QUEBEC - Shortly before meeting with alleged fraud victims, Prime Minister Stephen Harper promised Thursday to table legislation that would toughen sentences for white-collar crime.

"We're determined, both in the elected house and in the unelected house - the Senate - to make sure strong, anti-crime legislation proceeds in this country," Harper told a news conference.

He blamed the opposition for blocking similar anti-crime measures in the past. The opposition, however, counters that his government has never shown much interest in white-collar crime.

Harper later met with alleged victims including Joey Davis, whose elderly mother was among some 200 people swindled out of their life savings, police say, by an unaccredited financial adviser. Earl Jones is now facing fraud charges.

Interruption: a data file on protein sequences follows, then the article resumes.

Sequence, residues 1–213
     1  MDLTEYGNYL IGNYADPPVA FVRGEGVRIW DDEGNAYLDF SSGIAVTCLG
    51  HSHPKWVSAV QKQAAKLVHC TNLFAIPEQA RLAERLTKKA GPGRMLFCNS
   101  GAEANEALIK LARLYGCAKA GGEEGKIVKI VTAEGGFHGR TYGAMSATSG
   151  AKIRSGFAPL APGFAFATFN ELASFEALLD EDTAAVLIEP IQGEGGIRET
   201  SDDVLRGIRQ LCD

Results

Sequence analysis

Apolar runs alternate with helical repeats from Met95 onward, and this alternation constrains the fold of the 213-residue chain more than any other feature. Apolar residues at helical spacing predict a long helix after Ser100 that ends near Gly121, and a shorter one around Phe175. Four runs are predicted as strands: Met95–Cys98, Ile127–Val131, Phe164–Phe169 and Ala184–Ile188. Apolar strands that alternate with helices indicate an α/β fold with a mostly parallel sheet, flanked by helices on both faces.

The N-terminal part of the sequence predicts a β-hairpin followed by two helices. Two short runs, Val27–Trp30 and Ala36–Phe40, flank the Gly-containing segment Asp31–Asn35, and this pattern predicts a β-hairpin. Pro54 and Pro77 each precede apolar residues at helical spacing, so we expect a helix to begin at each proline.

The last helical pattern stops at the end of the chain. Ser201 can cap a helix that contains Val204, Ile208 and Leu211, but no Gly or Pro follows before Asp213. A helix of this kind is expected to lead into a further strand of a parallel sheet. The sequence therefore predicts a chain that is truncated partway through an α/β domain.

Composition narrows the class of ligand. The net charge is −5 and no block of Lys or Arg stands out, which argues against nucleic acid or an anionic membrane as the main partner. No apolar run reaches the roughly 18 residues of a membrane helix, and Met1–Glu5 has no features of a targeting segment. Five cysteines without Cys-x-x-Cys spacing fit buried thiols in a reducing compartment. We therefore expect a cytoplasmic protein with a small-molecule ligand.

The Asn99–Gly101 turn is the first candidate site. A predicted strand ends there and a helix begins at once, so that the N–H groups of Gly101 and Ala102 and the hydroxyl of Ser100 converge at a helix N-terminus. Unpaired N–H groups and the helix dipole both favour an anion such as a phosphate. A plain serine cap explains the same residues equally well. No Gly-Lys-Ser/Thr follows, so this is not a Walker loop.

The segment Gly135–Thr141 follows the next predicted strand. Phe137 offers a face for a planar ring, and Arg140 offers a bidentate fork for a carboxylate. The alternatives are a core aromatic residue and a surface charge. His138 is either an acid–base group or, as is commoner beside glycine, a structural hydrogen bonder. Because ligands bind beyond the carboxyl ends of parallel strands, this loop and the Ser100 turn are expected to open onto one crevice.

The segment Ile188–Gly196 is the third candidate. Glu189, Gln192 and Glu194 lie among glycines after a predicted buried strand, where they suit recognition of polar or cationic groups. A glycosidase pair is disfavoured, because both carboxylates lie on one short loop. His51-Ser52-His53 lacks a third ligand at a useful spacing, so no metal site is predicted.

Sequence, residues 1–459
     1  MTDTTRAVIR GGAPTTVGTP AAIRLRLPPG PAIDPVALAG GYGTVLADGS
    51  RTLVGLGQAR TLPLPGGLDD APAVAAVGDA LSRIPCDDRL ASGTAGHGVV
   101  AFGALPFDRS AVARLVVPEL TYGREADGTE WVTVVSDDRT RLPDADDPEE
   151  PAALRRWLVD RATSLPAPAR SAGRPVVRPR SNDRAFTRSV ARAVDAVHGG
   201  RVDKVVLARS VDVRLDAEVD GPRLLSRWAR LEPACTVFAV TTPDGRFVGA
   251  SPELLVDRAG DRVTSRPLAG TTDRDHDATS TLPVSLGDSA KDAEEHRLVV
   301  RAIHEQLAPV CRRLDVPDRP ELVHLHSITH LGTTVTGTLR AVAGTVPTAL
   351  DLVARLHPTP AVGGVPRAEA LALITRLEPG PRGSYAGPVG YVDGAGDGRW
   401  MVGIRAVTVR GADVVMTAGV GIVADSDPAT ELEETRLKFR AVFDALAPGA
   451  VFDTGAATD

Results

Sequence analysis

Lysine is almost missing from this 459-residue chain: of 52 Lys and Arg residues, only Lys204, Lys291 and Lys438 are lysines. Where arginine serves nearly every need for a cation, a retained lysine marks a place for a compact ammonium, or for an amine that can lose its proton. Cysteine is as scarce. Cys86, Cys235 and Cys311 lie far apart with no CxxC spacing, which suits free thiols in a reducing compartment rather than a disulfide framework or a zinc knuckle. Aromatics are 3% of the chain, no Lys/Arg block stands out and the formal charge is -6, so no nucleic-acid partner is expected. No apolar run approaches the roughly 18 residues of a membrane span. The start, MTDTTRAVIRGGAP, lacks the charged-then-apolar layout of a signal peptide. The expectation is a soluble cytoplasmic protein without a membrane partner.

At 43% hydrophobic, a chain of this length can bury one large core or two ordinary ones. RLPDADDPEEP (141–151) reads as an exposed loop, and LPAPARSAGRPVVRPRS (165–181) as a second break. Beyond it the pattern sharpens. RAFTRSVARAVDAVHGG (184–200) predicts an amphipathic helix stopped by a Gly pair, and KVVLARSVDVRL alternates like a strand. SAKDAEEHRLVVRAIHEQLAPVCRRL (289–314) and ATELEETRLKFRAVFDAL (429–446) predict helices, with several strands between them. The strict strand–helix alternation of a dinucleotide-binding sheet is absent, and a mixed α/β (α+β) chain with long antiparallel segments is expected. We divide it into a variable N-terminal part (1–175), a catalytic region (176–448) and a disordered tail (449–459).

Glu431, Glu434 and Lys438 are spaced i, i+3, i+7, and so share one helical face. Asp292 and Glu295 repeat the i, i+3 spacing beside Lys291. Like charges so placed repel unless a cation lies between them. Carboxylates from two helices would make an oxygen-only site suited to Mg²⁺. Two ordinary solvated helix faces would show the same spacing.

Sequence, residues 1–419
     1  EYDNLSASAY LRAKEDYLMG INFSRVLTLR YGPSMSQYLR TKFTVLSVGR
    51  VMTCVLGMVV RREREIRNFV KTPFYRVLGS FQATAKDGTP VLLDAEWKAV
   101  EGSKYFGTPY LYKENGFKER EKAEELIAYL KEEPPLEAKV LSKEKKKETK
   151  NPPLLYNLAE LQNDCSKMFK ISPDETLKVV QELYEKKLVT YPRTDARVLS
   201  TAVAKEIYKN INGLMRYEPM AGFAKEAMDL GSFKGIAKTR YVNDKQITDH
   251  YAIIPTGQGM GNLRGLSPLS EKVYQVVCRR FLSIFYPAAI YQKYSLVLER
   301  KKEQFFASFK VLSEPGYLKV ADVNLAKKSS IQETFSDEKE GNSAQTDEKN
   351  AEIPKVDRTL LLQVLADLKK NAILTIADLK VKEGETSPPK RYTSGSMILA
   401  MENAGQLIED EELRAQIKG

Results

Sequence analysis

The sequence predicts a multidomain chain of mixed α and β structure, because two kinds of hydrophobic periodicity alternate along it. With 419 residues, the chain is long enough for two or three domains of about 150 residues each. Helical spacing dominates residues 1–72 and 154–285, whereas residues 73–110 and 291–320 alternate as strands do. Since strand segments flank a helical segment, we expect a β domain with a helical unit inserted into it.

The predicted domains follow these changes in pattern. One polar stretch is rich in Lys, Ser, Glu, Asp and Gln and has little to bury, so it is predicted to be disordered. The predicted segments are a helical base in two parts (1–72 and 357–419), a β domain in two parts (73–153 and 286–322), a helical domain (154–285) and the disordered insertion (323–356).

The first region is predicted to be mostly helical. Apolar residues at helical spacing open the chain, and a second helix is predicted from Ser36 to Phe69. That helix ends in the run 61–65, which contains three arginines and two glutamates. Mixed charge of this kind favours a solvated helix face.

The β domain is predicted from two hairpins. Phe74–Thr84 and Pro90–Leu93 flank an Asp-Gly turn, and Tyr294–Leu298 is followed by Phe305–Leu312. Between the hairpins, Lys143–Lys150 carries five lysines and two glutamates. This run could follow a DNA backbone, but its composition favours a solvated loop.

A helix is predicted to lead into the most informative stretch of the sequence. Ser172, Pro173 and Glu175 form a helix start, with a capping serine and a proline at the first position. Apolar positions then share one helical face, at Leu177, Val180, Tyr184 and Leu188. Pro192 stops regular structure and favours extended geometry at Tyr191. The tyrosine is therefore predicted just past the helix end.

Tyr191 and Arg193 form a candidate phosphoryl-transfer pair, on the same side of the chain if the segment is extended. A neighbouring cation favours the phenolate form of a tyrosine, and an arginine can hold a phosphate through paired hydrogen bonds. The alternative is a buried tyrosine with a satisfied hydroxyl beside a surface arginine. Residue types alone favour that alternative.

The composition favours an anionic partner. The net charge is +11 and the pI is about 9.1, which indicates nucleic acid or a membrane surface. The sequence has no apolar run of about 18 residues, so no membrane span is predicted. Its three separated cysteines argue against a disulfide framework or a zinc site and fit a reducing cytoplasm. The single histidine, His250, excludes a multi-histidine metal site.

"His words were very encouraging, very sympathetic, very understanding of what's happening," Davis said after his meeting with Harper.

"He's very concerned that a lot of these crimes are occurring in Quebec, specifically white-collar crimes, and he's promised to work very closely with us in terms of bringing changes in the Criminal Code across Canada."

Davis said he met with NDP Leader Jack Layton earlier this week and will be meeting with the Liberal party in Montreal on Friday.

Earlier in the day, Harper used the issue to attack a favourite opponent: Liberal senators.

He blamed them for blocking many of his crime bills.

While it's true that some of his legislation has faced resistance in the upper chamber, Harper began levelling that charge since before Parliament even began sitting when he was first elected in 2006.

He said the appointment of nine new Tory senators Thursday would help get his crime agenda passed.